The ring is of incalculable sentimental value to the Weid family as bodies were not recovered from the crash and Lt. Claude Weid was initially buried in a cemetery in France along with the remains of six other fatalities from the crash.
Referring to the Weid family, Pailthorp says, “So you can see how we became a family … There were no words to express how much it meant to all of them especially Clyde, having the last thing that was with Claude before his death.”
Ruth Lloyd, the sister of the pilot of the ill-fated plane – Rex Pond – wrote to Mrs. Pailthorp at the time: “Thank you for all you have done to bring this information to life and bring life to so many that have waited for the unknown … 57 years is a long time to wonder just what happened, I thought about it a lot, but there were no answers.”
Mrs. Pailthorp’s mission, however, was not finished. She continued to work with family members of the crash victims and with Cartigny, who initially made her aware of the crash and the ring, to memorialize the men who gave their lives for freedom. Among other things, Pailthorp was instrumental in the construction of a monument on a hill overlooking the site of the crash in Taillefontaine, France, honoring and commemorating the American heroes. The beautiful monument, made possible by donations from the crash victims’ families, French Veterans and other military, civic and government organizations, was dedicated nine years ago, on June 22, 2002.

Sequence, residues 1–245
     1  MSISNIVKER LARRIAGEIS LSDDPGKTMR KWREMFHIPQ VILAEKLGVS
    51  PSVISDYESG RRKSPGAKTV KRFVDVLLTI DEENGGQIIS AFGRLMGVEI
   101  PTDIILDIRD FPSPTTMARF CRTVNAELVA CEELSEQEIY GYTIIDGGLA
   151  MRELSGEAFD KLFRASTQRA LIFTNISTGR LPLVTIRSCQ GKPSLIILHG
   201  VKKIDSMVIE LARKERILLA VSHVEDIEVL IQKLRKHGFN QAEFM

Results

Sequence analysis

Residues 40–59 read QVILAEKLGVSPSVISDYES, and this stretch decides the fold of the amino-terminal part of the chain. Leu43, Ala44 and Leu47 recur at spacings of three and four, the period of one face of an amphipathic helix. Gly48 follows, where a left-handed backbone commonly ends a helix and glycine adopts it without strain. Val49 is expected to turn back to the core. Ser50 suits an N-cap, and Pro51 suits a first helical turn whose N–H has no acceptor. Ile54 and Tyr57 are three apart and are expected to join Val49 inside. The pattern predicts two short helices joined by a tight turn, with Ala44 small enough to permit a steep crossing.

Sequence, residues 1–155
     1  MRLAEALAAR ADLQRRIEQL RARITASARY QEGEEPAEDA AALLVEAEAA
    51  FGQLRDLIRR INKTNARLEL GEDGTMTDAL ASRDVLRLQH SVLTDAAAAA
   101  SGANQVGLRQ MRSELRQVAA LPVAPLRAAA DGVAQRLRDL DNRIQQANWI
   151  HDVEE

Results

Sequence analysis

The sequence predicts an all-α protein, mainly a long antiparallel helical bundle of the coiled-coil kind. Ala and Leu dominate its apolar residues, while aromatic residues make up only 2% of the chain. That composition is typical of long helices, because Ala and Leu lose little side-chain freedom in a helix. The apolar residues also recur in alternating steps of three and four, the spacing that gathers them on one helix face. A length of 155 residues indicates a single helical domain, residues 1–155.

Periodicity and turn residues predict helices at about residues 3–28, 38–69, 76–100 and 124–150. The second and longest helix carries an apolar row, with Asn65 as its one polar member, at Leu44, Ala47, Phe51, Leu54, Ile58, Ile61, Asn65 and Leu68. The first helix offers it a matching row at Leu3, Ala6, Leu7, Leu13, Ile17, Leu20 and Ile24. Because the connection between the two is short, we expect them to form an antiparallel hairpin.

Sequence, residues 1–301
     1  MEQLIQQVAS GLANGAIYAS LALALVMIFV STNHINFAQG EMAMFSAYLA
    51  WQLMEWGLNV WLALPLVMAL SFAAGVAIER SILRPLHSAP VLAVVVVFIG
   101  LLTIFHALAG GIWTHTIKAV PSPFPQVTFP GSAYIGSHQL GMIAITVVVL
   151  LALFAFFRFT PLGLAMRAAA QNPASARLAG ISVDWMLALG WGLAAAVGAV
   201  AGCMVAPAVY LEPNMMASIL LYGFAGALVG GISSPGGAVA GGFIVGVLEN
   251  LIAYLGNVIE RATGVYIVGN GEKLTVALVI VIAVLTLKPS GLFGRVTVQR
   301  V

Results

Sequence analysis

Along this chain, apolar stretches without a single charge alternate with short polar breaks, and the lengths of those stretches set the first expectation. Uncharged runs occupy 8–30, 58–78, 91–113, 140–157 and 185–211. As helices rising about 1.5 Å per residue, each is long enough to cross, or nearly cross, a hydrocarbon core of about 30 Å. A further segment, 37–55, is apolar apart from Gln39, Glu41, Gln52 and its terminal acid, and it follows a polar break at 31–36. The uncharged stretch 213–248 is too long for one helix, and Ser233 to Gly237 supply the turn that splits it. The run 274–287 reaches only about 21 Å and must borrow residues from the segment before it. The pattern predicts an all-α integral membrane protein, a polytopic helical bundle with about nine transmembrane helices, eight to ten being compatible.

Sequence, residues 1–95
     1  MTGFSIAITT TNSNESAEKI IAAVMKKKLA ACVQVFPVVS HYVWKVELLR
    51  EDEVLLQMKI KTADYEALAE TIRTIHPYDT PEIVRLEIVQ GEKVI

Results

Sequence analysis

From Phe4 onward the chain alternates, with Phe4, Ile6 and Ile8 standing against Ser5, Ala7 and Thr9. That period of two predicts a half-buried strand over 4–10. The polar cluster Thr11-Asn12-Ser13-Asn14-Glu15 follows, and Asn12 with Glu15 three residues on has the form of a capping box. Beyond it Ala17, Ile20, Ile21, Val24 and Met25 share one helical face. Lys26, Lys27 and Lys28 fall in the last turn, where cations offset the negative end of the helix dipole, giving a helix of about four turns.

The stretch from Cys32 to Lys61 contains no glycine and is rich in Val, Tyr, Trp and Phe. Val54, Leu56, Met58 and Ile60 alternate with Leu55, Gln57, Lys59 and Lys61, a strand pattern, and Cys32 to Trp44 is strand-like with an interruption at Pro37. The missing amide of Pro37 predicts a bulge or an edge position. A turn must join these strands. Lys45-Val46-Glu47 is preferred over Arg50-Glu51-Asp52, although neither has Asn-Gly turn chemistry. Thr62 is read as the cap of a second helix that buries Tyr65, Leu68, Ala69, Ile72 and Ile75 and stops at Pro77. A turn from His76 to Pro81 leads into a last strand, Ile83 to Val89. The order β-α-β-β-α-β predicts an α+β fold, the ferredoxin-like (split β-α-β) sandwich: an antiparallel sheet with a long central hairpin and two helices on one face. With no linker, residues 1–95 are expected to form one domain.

During the ceremony, attended by families of the fallen men, villagers and numerous American and French dignitaries, Daniel Cartigny recounted the tragic accident and paid tribute to his “American friend,” Pailthorp — also attending the ceremonies — for her efforts and dedication. Referring to the fallen Americans, he concluded, “Today, they are among us and can sleep in peace. They are not forgotten.”
1. The author is grateful to Mrs. Jacqueline Pailthorp, from Glendora, CA., for providing the material for this story, including the photographs.
2. Clyde R. Weid, Claude Weid’s twin brother died on April 28, 2004, at the age of 82. He also served his country during the Korean War.
3. Harold G. Weid, older brother of Claude Weid, died earlier this year at the age of 90.
4. The other three crewmembers on the ill-fated flight were Lt. Rex Loyal Pond (pilot), Sgt. Herbert Hill and Sgt. Edward Vermillion. A military doctor, Capt. Amos Plante, was also on board.